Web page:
2.3.1: Let f (x) = x2 6 and p0 = 1. Use Newtons method to find p2.
 2.3.2: Let f (x) = x3 cos x and p0 = 1. Use Newtons method to find p2. Cou...
 2.3.3: Let f (x) = x2 6. With p0 = 3 and p1 = 2, find p3. a. Use the Secan...
 2.3.4: Let f (x) = x3 cos x. With p0 = 1 and p1 = 0, find p3. a. Use the S...
 2.3.5: Use Newtons method to find solutions accurate to within 104 for the...
 2.3.6: Use Newtons method to find solutions accurate to within 105 for the...
 2.3.7: Repeat Exercise 5 using the Secant method.
 2.3.8: Repeat Exercise 6 using the Secant method.
 2.3.9: Repeat Exercise 5 using the method of False Position.
 2.3.10: Repeat Exercise 6 using the method of False Position.
 2.3.11: Use all three methods in this Section to find solutions to within 1...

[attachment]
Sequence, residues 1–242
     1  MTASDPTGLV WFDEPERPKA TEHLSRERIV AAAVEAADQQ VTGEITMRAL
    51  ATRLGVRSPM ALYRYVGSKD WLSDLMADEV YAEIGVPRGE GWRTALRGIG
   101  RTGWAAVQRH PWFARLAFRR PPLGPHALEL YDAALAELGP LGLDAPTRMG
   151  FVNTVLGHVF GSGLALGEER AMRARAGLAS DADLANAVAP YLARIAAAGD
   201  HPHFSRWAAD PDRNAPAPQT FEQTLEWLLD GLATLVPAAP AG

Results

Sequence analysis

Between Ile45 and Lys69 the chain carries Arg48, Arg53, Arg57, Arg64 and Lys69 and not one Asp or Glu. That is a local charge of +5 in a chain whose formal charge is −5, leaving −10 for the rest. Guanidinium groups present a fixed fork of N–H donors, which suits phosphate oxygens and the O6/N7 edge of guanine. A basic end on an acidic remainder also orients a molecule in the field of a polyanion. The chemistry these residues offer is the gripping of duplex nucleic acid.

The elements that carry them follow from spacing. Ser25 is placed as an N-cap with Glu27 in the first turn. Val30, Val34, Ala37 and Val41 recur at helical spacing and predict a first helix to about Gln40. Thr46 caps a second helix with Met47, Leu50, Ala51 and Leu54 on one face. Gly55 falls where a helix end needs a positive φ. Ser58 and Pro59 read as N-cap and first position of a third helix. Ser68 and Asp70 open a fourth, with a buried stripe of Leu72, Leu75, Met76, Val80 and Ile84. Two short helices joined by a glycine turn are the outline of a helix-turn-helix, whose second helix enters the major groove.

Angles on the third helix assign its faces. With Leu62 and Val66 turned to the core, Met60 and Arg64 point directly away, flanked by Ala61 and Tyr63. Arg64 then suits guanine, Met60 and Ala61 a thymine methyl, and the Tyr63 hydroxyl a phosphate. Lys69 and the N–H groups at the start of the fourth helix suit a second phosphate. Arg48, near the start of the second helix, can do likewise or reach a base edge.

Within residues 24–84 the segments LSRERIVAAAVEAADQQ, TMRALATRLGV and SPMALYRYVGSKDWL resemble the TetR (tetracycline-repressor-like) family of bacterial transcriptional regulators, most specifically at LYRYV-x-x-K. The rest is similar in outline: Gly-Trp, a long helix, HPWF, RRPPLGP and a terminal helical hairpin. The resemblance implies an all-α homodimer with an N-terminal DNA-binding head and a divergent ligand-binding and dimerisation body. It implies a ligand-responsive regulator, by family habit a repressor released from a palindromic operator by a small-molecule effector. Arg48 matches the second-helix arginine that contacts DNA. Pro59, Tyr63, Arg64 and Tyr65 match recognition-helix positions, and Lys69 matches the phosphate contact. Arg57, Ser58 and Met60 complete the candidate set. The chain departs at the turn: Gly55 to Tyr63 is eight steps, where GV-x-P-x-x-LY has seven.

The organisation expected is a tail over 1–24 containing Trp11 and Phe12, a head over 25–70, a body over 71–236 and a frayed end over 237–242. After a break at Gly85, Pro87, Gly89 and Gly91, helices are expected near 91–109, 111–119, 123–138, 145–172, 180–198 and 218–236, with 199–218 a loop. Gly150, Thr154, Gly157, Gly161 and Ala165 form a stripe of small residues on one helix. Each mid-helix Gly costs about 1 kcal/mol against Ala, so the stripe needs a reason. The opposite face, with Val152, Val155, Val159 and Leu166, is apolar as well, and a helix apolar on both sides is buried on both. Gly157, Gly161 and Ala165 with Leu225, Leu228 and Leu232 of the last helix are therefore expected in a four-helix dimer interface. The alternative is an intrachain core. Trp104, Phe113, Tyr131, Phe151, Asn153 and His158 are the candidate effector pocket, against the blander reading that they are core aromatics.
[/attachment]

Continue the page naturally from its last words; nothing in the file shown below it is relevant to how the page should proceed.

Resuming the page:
2.3.12: Use all three methods in this Section to find solutions to within 1...
 2.3.13: Use Newtons method to approximate, to within 104, the value of x th...
 2.3.14: Use Newtons method to approximate, to within 104, the value of x th...
 2.3.15: The following describes Newtons method graphically: Suppose that f ...
 2.3.16: Use Newtons method to solve the equation 0 = 1 2 + 1 4 x2 x sin x 1...
 2.3.17: The fourthdegree polynomial f (x) = 230x4 + 18x3 + 9x2 221x 9 has ...
 2.3.18: The function f (x) = tan x 6 has a zero at (1/ ) arctan 6 0.4474315...
 2.3.19: The iteration equation for the Secant method can be written in the ...
 2.3.20: The equation x210 cos x = 0 has two solutions, 1.3793646. Use Newto...
 2.3.21: The equation 4x2 ex ex = 0 has two positive solutions x1 and x2. Us...
 2.3.22: Use Maple to determine how many iterations of Newtons method with p...
 2.3.23: The function described by f (x) = ln(x2 + 1) e0.4x cos x has an inf...
 2.3.24: Find an approximation for , accurate to within 104, for the populat...
 2.3.25: The sum of two numbers is 20. If each number is added to its square...
 2.3.26: The accumulated value of a savings account based on regular periodi...
 2.3.27: involving the amount of money required to pay off a mortgage over a...